• 12.  Another consequence of antibiotic therapyleading to diarrhea is overgrowth ofpotentially pathogenic organisms suchas Clostridium difficile. Probiotic treatment might reduce the incidenceand severity of AAD. For example, treatment with probiotic-formulationsincluding Lactobacillus rhamnosus may reduce therisk of antibiotic-associated diarrhea, improve stoolconsistency during antibiotic therapy, andenhance the immune response after vaccination.
  • 13.  Lactose intolerance As lactic acid bacteriaactively convert lactoseinto lactic acid, ingestion ofcertain active strains may helplactose intolerant individualstolerate more lactose thanthey would otherwise havetolerated. Having yoghurt is a good wayfor a lactose intolerant personto get calcium.
  • 14.  Colon cancer In laboratory investigations, somestrains of LAB have demonstratedanti-mutagenic effects thoughtto be due to their ability to bindwith heterocyclic amines, whichare carcinogenic substancesformed in cooked meat. Animal studies havedemonstrated that some LABhave evidence for actingagainst colon cancer.
  • 15.  Cholesterol Some studies have demonstrated the efficacy ofsome strains of LAB to be able to lowerserum cholesterol levels, presumably by breakingdown bile in the gut, thus inhibiting its reabsorption(bile aid is synthesized from cholesterol). Obesity Recent research has shown that probioticbacteria can reduce the inflammatory effects ofabdominal fat and also reduce appetite byenhancing incretin effects.
  • 16.  Blood pressure Some studies have indicated that consumptionof milk fermented with various strains of LAB mayresult in modest reductions in blood pressure, aneffect possibly related to the ACE inhibitor-like peptides produced during fermentation.
  • 17.  Immune function and infections Some strains of LAB affect pathogens by meansof competitive inhibition (i.e., by competing forgrowth). There is also evidence to suggest that they mayimprove immune function by increasing thenumber of IgA-producing plasma cells (B cells) They also help by increasing or improvingphagocytosis as well as increasing the proportionof T lymphocytes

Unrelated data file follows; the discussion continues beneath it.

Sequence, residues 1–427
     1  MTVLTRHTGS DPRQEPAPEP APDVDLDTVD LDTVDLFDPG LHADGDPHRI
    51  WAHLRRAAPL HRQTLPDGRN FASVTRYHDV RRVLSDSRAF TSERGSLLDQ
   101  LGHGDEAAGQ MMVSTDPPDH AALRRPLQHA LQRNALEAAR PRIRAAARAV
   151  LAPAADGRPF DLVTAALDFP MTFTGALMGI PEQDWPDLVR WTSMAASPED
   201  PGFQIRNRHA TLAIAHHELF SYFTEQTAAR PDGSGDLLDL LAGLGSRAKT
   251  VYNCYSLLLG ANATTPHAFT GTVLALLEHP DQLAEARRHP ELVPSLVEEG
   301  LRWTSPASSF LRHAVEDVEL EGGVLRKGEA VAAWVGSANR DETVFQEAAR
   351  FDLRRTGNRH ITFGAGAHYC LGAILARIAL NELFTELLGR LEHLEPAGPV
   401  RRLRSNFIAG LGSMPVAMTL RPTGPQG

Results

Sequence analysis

• 18.  Clinical trials have demonstrated that probioticsmay decrease the incidence of respiratory tractinfections and dental caries in children. LAB products might aid in the treatmentof rotavirus infections in children and travelersdiarrhea in adults. Antibiotics seem to reduce immune systemactivity as a result of killing off the normal gutbacteria.
  • 19.  Helicobacter pylori Some strains of LAB may affect Helicobacterpylori infections (which may cause peptic ulcersand GERD) in adults when used in combinationwith standard medical treatments, but there isno standard in medical practice or regulatoryapproval for such treatment.
  • 20.  Inflammation Some strains of LAB may modulateinflammatory and hypersensitivity responses. Clinical studies suggest that they can preventrecurrences of inflammatory bowel disease inadults. How probiotics may influence the immune systemremains unclear, but a potential mechanismunder research concerns the response of T-lymphocytes to pro-inflammatory stimuli and inpart due to the regulation of cytokine function.
  • 21. Absorption of Iron and Calcium Probiotics + prebiotics(insoluble starches) canincrease iron and calcuim absorption from theintestines. There is increased solubility of minerals because of 1. increased bacterial production of short-chainfatty acids; 2. an enlargement of the absorption surface bypromoting proliferation of enterocytes; 3. increased expression of calcium-bindingproteins; 4. degradation of phytic acid.